• Heather Rogers May 29, 2020 at 9:26 AM
        Reply

        Hi.
        I recently read about a proposed bill to have your student loan payments that you were making NOT in the PSLF count if you were employed by a 503B company. To give you an example, I was working for a hospital for 10 years and was NOT in the Direct Loan, and when I applied for Student Loan Forgiveness, they denied me saying I was not in the right program. I have now been in the PSLF program for 3 years now, and have 7 years left. Have you heard of this “grandfathering” proposed bill? I think it was part of the CARES act.

        • Travis Hornsby June 3, 2020 at 11:23 AM
          Reply

          That’s being discussed but not w the CARES Act, but only a Democratic Congress and White House would pass that

      • Stacey November 4, 2020 at 3:44 AM
        Reply

        Hi Travis,
        Thank you so much for taking the time to put this information out there for the rest of us, very informative. Just wanted some advice regarding my situation. I just graduated this year from nursing school and have about $125k in school debt. I just got hired by a nonprofit hospital and filled out the PSLF form. They are currently filling it out and told me they will get it back to me by the end of this week. Who am I sending this form to? And when I send it should I send it with my 2019 tax form (25k) or with my new current income of 49$/hr? I just want to make sure when I start paying, my payments qualify. Also, I am single so which IDR plan is my best option for me? My pay will increase after 2years, and I may work extra hours for OT, maybe a second job to quickly save up to buy a home.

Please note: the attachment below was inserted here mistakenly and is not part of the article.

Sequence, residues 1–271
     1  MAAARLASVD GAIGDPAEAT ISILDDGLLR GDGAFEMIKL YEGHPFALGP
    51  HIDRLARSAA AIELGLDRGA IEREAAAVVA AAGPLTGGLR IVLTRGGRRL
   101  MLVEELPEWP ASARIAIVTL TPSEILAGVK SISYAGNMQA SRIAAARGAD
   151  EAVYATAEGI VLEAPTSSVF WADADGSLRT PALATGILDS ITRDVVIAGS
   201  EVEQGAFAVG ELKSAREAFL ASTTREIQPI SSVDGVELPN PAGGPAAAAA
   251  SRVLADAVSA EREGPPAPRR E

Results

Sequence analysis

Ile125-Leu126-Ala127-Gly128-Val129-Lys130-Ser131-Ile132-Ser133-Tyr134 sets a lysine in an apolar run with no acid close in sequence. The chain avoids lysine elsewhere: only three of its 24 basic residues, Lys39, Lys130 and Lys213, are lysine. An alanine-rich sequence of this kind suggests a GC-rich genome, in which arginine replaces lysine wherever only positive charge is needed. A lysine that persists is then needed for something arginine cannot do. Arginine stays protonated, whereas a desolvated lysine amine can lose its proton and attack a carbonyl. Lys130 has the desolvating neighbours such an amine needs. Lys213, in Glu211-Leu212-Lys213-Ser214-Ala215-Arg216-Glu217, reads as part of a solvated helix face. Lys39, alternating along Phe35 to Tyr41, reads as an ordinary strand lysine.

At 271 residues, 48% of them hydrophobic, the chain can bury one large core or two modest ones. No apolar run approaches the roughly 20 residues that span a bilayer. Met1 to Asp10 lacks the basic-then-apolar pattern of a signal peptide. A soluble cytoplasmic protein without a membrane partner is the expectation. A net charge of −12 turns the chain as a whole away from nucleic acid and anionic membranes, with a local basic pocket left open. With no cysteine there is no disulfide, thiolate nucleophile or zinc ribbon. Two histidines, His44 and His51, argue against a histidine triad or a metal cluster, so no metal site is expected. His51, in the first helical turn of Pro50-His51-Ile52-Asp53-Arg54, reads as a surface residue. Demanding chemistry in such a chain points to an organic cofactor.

• Amy at Student Loan Planner November 4, 2020 at 10:25 AM
          Reply